"I was the first person of African heritage to become a professor of history in Britain, which shows that we have a long way to go"


Acclaimed Academic and Historian, Hakim Adi, has dedicated his life to make sure our stories are told. He is currently a Professor of History at the University of Chichester and specialises in Africa and the African diaspora. He’s written a number of books including West Africans in Britain , Pan-Africanism and even a book for you people entitled, The History of the African and Caribbean Communities in Britain. His latest work, Black British History, are a series of essays from a number of academics charting our history right up until the modern day.

We had a chance to speak to Hakim about how Black British History came about ahead of his sold out launch event at BCA.

What did you want to be as a young man? What drew you into academia and history? 

I started reading history books as a very young child. Indeed the first books I remember reading were about history. So that was my first love. However, it was not until I was about 14 that I was able to find my first books about the history of Africa and Africans.

From that time I wanted to be a history teacher in a school. So I went to study African History at university. Unfortunately when I left university I was rejected by all the teacher training colleges I applied to, including the Institute of Education. That led to unemployment and various part-time jobs. It became clear that the only way I could get to teach African History was to take a PhD and do so at university level.

I then spent 7 years studying for my PhD part-time and eventually manged to find a job. In short I was unable to pursue my career choice but as a failed teacher I then became a university lecturer. I was the first person of African heritage to become a professor of history in Britain, which shows that we have a long way to go

How did Black British History come into being? What do you hope people will learn from the book? 

The book highlights some of the latest research from young and emerging scholars, most of them of African and Caribbean heritage. It includes research focusing on some four hundred years of Britain’s history from the sixteenth to the twentieth century.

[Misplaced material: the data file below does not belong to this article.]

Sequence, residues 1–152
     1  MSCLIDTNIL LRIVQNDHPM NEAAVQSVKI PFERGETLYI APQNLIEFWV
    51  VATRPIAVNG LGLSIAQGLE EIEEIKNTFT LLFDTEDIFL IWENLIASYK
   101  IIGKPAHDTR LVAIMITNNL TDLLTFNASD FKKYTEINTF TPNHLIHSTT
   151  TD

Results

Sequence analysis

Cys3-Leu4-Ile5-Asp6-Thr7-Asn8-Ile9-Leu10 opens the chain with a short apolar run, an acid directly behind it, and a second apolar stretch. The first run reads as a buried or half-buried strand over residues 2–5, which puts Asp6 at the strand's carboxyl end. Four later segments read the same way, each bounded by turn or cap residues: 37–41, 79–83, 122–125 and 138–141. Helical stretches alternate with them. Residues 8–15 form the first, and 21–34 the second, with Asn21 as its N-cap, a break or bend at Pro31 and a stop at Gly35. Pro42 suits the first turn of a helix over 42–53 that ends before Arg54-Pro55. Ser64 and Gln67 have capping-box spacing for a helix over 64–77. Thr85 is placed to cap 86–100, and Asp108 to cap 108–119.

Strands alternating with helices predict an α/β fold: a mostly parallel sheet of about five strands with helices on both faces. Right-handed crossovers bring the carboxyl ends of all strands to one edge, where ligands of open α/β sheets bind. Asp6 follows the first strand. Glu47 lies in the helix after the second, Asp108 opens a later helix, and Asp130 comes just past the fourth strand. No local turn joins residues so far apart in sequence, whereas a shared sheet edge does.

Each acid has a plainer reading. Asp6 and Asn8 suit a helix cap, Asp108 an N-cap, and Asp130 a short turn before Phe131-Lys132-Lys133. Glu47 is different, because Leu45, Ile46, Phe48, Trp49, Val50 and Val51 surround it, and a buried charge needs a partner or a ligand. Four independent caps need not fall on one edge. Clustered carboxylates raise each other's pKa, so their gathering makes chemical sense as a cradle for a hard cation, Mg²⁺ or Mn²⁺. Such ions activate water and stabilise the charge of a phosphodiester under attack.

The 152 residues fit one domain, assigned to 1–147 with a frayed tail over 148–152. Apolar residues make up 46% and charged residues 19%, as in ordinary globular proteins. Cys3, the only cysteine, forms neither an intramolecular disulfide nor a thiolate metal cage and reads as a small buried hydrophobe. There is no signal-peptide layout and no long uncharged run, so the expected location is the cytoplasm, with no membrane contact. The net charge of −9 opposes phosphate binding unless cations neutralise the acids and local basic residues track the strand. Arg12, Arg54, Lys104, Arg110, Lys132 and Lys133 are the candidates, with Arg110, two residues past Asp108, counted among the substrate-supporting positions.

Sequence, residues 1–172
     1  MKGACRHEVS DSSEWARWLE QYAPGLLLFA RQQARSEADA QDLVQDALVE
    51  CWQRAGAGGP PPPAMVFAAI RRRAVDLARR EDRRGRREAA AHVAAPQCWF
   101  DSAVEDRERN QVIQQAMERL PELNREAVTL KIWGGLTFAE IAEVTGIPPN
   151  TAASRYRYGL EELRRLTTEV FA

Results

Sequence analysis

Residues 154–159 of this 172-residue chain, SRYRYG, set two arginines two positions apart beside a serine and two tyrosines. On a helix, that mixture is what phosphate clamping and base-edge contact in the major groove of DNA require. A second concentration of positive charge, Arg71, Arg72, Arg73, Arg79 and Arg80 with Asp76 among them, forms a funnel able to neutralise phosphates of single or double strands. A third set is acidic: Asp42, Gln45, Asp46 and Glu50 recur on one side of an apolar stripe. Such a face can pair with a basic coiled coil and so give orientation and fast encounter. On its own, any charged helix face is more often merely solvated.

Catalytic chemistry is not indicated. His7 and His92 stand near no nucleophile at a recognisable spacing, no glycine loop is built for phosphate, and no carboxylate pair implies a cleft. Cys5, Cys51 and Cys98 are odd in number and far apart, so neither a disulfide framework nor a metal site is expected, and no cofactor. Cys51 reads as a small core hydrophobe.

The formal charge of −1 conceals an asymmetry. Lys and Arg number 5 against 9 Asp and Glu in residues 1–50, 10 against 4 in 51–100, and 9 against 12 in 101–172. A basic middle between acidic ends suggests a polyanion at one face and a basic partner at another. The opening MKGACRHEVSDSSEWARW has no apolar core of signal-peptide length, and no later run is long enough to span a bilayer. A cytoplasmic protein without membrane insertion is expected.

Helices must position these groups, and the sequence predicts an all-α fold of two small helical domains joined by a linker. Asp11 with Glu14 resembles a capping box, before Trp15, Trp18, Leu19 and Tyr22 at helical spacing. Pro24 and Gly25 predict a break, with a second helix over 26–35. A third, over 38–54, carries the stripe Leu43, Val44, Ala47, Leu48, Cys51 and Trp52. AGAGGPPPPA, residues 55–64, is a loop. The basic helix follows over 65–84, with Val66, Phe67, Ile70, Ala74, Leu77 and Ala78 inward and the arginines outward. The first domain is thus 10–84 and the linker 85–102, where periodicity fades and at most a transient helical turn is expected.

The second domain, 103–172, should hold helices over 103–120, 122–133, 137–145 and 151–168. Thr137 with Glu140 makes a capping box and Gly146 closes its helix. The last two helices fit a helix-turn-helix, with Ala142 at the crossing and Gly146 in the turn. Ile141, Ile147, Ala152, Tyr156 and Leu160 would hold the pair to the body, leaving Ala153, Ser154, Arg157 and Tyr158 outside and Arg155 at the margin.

So it includes a variety of topics from Africans in Tudor times to recent migrants from Zimbabwe. I also hope that it will show people how much there is to learn and research and encourage others, especially young people to study and research history. 

Why was this work important to you? 

It was important to have the book published for all the reasons in my previous answer. The chapters were originally presented a conference and so this publication makes this research available to a much wider audience. We need to do much more to develop this history and to engage and involve young people. 

What would you say to someone interested in following your path in documenting our history? 

Go for it! There are now many opportunities. We have established the Young Historians Project to train young people as historians https://www.younghistoriansproject.org/     There is also now a new online Masters Degree for those who want to train as historians https://www.chi.ac.uk/humanities/postgraduate/mres-history-africa-and-african-diaspora and many other opportunities. I’m always happy to give advice to anyone who wants to become a historian. 

What's next for you and the book? 

For the book, we will continue with the promotion and encourage people to read it. For example, it will be launched in Leicester when I give the Stephen Lawrence Research Centre’s Distinguished Lecture in October. I am sure that there will be many other such events. 

For me the next thing is to complete the writing of my next book which presents the history of African and Caribbean people in Britain from the earliest times until the 21st century. That is a very important project that I’m working on at the moment. It will present all the latest research on the subject and be published by Penguin as soon as I’ve finished writing it. So look out for that. 

Where can people find out more about you? 
I’m very easy to find on social media or https://www.hakimadi.org/ 



Black Cultural Archives